Since being launched introduction in 1962, the CH-47 Chinook has been known as the primary workhorse helicopter of the US Army. The CH-47 takes its name from the very strong Chinook winds that blow over the Rocky Mountain States and onto the plains. The Chinook is a fitting name for this powerful twin-rotor bladed helicopter, whose main mission is to transport troops across the battlefield, and deliver supplies and equipment.
More about theCH-47 Chinook
The CH-47 Chinook is arguably the most successful military transport helicopter to date. The Chinook is manufactured by Boeing Rotorcraft Systems at their Ridley Park plant in Pennsylvania. First test flights took place in September 1961 and production started the following year. Over 1,100 Chinook helicopters have been manufactured and the rotorcraft is still in production.
The design for the Chinook originates from the Vertol Model 107, which was produced by Boeing Vertol in the early 1960s. The Vertol was one of the pioneer twin rotor cargo helicopters developed by Boeing. Chinooks are now used in both military and civilian roles by more than 16 nations.
The Chinook was first deployed for military service during the Vietnam War. The army decided to use the Chinook as its standard medium sized transport helicopter because of its better capabilities in terms of speed and load carrying capacity.
In Vietnam, the Chinook proved its value as a cargo aircraft for artillery and logistics. The most important role it played was in installing artillery equipment at otherwise inaccessible mountain positions. The aircraft then helped keep these positions supplied and running during the course of the war.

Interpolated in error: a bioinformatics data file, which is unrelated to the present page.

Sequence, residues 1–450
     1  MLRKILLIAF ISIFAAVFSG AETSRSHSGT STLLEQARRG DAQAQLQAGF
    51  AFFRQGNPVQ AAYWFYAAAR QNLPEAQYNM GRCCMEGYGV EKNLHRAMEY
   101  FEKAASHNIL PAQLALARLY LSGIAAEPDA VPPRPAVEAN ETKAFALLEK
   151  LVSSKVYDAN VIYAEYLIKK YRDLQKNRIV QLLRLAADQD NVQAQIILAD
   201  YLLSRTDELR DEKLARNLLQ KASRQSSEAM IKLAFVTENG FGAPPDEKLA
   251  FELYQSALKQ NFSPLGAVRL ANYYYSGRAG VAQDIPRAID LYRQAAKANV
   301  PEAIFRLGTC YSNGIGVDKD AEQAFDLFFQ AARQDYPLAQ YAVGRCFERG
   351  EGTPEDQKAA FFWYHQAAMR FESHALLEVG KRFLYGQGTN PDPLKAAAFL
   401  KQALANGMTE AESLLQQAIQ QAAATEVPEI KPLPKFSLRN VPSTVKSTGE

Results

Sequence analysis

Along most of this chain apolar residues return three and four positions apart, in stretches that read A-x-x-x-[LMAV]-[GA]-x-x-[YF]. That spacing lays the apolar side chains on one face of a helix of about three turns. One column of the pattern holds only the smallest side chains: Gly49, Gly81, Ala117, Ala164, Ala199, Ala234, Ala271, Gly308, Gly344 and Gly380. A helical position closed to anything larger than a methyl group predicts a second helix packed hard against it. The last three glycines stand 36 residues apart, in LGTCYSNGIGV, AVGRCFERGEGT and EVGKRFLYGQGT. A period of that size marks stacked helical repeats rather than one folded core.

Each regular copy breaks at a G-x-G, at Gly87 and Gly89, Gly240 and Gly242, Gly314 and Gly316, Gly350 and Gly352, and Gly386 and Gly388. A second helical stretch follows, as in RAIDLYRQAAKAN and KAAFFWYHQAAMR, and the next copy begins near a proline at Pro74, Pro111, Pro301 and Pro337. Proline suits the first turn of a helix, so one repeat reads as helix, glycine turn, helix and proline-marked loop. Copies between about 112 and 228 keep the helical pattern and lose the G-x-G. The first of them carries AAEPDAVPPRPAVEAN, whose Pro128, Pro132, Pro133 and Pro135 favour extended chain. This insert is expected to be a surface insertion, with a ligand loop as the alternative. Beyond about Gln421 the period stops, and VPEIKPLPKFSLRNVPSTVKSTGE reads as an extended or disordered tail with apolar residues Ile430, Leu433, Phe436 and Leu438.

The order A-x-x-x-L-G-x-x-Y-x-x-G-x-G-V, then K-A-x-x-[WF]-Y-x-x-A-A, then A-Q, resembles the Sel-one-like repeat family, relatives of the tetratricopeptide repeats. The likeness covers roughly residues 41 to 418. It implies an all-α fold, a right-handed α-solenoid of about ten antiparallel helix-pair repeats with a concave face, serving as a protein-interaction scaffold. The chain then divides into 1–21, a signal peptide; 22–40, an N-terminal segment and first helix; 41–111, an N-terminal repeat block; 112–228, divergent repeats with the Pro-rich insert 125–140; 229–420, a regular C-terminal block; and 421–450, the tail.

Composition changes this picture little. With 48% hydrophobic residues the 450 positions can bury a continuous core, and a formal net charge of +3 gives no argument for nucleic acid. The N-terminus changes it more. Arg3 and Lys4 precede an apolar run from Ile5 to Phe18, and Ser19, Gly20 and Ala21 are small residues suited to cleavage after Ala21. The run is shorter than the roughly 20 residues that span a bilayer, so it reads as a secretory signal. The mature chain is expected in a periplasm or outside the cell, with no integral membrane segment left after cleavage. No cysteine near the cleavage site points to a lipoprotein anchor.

Design and Capabilities
All variants of the Chinook have a tandem rotor configuration, where the two horizontal rotors are placed one in front of the other. This eliminates the need for a tail rotor to counter the yaw moment. The yaw angle is controlled by altering the difference between the rotor speeds. The ability to adjust the thrust of each individual rotor also helps change the centre-of-gravity of the aircraft, a feature very useful in keeping the helicopter stable while carrying loads on a sling.
Chinook helicopters have a crew of 3 people and can carry 33-55 people, depending on the variant model. The aircraft is 98feet and 10inches in length, 18feet 11inches in height and has a rotor diameter of 60feet.
Two 4,733 horsepower turbo-shaft engines power the rotors and drive electric and hydraulic systems. If one engine fails, the other can divide its power between the two rotors. With both engines working, the Chinook can reach a top speed of 196mph and has a range of 450miles. The performance facts are as follows:
Max Speed 196mph
Cruise Speed 149mph
Max Altitude 18,500ft
Among medium transport helicopters, the Chinook has a very impressive load carrying capacity. It can carry a maximum of 28,000lbs of cargo in its cargo bay or using a sling. The cargo abilities of the helicopter are supplemented by the range of manoeuvres the Chinook can perform. The two factors combine to make Chinook a versatile and efficient airborne transport machine. This is why the aircraft is so popular in both military and civilian sectors. The Boeing factory is still manufacturing Chinook helicopters for both US and foreign buyers.
Value: Safety record and Cost
Each Chinook helicopter costs $35million on average. The cost may vary depending on the variant and the optional equipment requested by the buyer.
Overall, the Chinook has a very reputable safety records. Of the millions of hours flown since 1965, there have been only about 6 notable accidents. Although there have been several losses on the battlefield, these losses are unavoidable in combat situations and are hence not considered when discussing safety records.
The Chinook is therefore a good transport helicopter choice for any military or civilian air service organization.